Skip to content

Visions from The Catacombs, Week before May 4, 2014

 

Luke 24:13-49

13Now on that same day two of them were going to a village called Emmaus, about seven miles from Jerusalem, 14and talking with each other about all these things that had happened. 15While they were talking and discussing, Jesus himself came near and went with them, 16but their eyes were kept from recognizing him. 17And he said to them, “What are you discussing with each other while you walk along?” They stood still, looking sad. 18Then one of them, whose name was Cleopas, answered him, “Are you the only stranger in Jerusalem who does not know the things that have taken place there in these days?” 19He asked them, “What things?” They replied, “The things about Jesus of Nazareth, who was a prophet mighty in deed and word before God and all the people, 20and how our chief priests and leaders handed him over to be condemned to death and crucified him. 21But we had hoped that he was the one to redeem Israel. Yes, and besides all this, it is now the third day since these things took place. 22Moreover, some women of our group astounded us. They were at the tomb early this morning, 23and when they did not find his body there, they came back and told us that they had indeed seen a vision of angels who said that he was alive. 24Some of those who were with us went to the tomb and found it just as the women had said; but they did not see him.” 25Then he said to them, “Oh, how foolish you are, and how slow of heart to believe all that the prophets have declared! 26Was it not necessary that the Messiah should suffer these things and then enter into his glory?” 27Then beginning with Moses and all the prophets, he interpreted to them the things about himself in all the scriptures. 28As they came near the village to which they were going, he walked ahead as if he were going on. 29But they urged him strongly, saying, “Stay with us, because it is almost evening and the day is now nearly over.” So he went in to stay with them. 30When he was at the table with them, he took bread, blessed and broke it, and gave it to them. 31Then their eyes were opened, and they recognized him; and he vanished from their sight. 32They said to each other, “Were not our hearts burning within us while he was talking to us on the road, while he was opening the scriptures to us?” 33That same hour they got up and returned to Jerusalem; and they found the eleven and their companions gathered together. 34They were saying, “The Lord has risen indeed, and he has appeared to Simon!” 35Then they told what had happened on the road, and how he had been made known to them in the breaking of the bread.

What I am Learning:

“We had hoped that he was the one to redeem Israel.”

These were the words of Jesus’ disciples, words that expressed their sadness, words that expressed their despair.

But what was their despair about?

What was it about Israel that they were hoping Jesus would redeem?

In popular Christian theology, the word “redeem” has been reduced to “getting forgiven by Jesus so that you can go to heaven.”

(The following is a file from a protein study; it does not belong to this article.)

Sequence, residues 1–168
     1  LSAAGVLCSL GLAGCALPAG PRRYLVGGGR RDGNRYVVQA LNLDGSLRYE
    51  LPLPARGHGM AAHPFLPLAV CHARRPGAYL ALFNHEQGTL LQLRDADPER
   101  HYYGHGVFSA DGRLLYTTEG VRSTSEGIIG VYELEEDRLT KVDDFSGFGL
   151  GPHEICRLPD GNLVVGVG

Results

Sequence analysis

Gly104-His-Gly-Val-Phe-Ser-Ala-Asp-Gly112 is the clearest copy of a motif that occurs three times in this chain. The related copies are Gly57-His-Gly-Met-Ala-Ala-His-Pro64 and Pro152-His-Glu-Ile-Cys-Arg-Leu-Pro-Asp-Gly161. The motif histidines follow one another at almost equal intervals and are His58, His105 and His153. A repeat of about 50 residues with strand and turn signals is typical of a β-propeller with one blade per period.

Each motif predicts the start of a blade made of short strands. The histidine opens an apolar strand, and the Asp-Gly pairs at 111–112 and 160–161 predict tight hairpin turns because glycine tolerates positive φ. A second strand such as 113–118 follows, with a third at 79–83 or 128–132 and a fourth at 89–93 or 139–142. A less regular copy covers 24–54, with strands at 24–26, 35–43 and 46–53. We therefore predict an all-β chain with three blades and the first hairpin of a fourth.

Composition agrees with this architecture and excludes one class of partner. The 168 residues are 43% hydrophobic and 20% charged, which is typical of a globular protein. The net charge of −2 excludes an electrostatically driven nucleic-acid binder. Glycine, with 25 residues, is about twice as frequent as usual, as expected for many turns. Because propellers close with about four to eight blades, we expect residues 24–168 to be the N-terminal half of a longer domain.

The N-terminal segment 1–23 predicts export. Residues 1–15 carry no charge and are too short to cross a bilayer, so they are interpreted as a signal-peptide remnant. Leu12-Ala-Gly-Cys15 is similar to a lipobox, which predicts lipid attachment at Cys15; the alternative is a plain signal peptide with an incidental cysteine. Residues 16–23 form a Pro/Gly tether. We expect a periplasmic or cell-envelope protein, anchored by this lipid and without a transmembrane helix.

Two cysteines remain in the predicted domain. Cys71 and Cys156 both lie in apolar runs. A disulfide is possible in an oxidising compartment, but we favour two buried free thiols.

That is not what it meant for first century Jewish people. This Greek word originally meant to give a ransom to release a hostage. But over time it generally became used to mean getting someone out of a difficult situation. These disciples had hoped that Jesus would get the People of Israel out of Roman occupation and into the fullness of the God’s way of mutuality – what the New Testament writers called the kingdom of God.

Jesus’ whole movement was an attempt to accomplish this redeeming, this move from Roman Occupation to God’s reign, through non-violent engagement with the Romans. He proposed that we feed the hungry, pray that our daily needs be met, love our enemies and reach beyond racial and national barriers. He proposed that his people did not have to be violent or passive in the face of the abuse of their people by the Romans.

But then Jesus was killed in the way the Romans killed all revolutionaries – on a cross.

And he died.

But these disciples, on their way to Emmaus meet a stranger and share their story, their hope and their despair about all the unfinished work of Jesus.

Later they would realize that this stranger was none other than Jesus himself.

There is a lot of life that is unfinished. Despite our best efforts and our good intentions, so much of life is incomplete, a beginning, an essay that is never quite finished.

Jesus’ ministry was no different. He began the work of renewing his people. He began the work of saving them from the despair they felt at Roman occupation. He began to show them a different way to live.

And he never did finish redeeming his people.

He charged his disciples with continuing his work of leading the human race out of domination and submission culture to God’s way of mutuality.

Our sense of the Jesus’ ministry needs to be expanded. For too many Christians it is just about “me and Jesus.” Jesus’ ministry was all about justice and shalom and how they could be lived out in every day life, in every aspect of human interaction.

But our sense of Jesus’ ministry also needs to be deepened.

Our lives are incomplete, too. Our lives have unfinished business. Our lives are essays that don’t quite get there.

Jesus not only cares about justice and peace in our larger economic and social lives  - but he joined us in this incomplete, unfinished life so that we can begin to realize that we are surrounded and embedded in God’s grace.

So as we continue to take part with Jesus in God’s coming way of mutuality, remember that you are loved as you are.

These disciples turned back to Jerusalem that night. They had hoped that Jesus would have redeemed Israel from the Romans. As they went to Jerusalem, they must have known that they had a part to play in that redemption, and that they themselves were already redeemed, set free, loved.